Suspect Charged With New York, New Jersey Bombings

Suspect Charged With New York, New Jersey BombingsSuspect Charged With New York, New Jersey Bombings

Ahmad Khan Rahami has been charged with planting several bombs in two US states, including one that injured 31 people. He already faces charges in connection with a police shootout.

Indictments were issued in both New York and New Jersey on Tuesday against the 28-year-old Afghan-born American, following Saturday's bombings in Manhattan's Chelsea neighborhood and along the route of a US Marine Corps run in a seaside town, AFP reported.

The 13-page indictment charged Rahami with the use of weapons of mass destruction, bombing a place of public use and destruction of property by means of fire or explosives.

Rahami had already been charged late Monday in New Jersey with five counts of the attempted murder of police officers and weapons-related offenses following a shootout with police just before he was taken into custody.

A total of 31 people were wounded in the Chelsea bombing, which Rahami allegedly created by using a pressure cooker packed with ball bearings and steel nuts, along with a timer.

A second bomb was discovered four blocks away. The suspect's fingerprints were found on the second Chelsea device, the indictment said, which was safely defused.

Prosecutors said five pipe bombs had been found in Rahami's hometown of Elizabeth, New Jersey.

A handwritten journal was found on the suspect that praised Osama bin Laden, the mastermind of the 9/11 attacks, and cleric Anwar al-Awlaki, the indictment added.

Rahami is in a critical but stable condition in hospital following Monday's shootout as police attempted to arrest him, in Linden, New Jersey. Investigators have not yet been able to interview him in depth. Investigators said the suspect injured two officers when he fired on them after he was found asleep in a doorway.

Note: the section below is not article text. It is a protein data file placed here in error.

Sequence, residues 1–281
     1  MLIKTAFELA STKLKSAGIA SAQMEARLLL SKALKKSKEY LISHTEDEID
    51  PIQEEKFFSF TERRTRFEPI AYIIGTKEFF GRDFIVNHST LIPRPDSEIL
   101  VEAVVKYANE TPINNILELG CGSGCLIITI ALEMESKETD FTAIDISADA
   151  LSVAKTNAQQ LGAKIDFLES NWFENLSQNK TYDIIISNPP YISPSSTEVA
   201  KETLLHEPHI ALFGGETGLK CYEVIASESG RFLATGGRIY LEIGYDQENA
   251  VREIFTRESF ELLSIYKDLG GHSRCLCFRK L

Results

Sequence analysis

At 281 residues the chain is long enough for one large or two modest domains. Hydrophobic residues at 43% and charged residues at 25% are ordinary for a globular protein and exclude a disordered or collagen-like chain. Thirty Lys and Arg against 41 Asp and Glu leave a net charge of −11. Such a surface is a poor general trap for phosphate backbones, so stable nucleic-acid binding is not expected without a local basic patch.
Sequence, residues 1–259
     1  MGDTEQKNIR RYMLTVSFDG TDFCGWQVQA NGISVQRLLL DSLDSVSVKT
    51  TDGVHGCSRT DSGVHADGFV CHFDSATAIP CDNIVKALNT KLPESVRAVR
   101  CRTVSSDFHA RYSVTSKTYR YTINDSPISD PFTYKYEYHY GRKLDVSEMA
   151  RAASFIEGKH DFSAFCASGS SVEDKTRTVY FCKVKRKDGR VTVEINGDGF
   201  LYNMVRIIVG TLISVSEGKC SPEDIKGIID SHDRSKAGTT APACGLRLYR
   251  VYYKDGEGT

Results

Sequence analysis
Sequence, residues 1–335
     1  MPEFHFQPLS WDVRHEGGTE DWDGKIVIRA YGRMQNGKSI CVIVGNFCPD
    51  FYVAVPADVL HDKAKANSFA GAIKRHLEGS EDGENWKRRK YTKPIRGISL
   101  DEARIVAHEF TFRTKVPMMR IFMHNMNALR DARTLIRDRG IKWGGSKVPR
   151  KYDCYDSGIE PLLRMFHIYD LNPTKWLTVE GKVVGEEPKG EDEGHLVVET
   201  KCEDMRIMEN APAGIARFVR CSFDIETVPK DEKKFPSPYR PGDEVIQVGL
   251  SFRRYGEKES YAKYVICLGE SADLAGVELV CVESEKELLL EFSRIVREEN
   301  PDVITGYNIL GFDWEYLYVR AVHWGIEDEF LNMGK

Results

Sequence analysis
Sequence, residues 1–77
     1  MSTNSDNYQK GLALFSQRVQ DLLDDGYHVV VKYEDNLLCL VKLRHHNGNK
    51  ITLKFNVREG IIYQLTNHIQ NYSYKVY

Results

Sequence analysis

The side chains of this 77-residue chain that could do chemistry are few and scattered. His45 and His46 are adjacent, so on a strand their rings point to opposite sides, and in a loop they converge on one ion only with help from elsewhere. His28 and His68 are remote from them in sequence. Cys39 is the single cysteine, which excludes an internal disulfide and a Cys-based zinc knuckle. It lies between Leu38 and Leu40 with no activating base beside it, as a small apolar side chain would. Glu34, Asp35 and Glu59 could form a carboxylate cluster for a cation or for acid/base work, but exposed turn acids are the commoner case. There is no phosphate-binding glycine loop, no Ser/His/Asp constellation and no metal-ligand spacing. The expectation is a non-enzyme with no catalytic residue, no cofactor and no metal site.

Hours before the new charges were confirmed, Rahami's father, Mohammad, told the media he had reported concerns about his son being involved with militants to the Federal Bureau of Investigations two years ago.

The FBI acknowledged it had investigated Rahami in 2014, but found no "ties to terrorism" and dropped its inquiry.

Surveillance video shown on CNN and other US television broadcasters shows a man believed to be Rahami dragging a bag big enough to hold the pressure cooker bomb used in the explosion before Saturday night's blast in Manhattan.

In addition to the New York bombings, a blast occurred on Saturday along the planned route of a US Marines-sponsored charity run in Seaside Park, New Jersey. No one was injured. Late Sunday police discovered several explosive devices inside a bag at a train station in Elizabeth, New Jersey, just north of Linden. One of the bombs went off while police were trying to defuse it.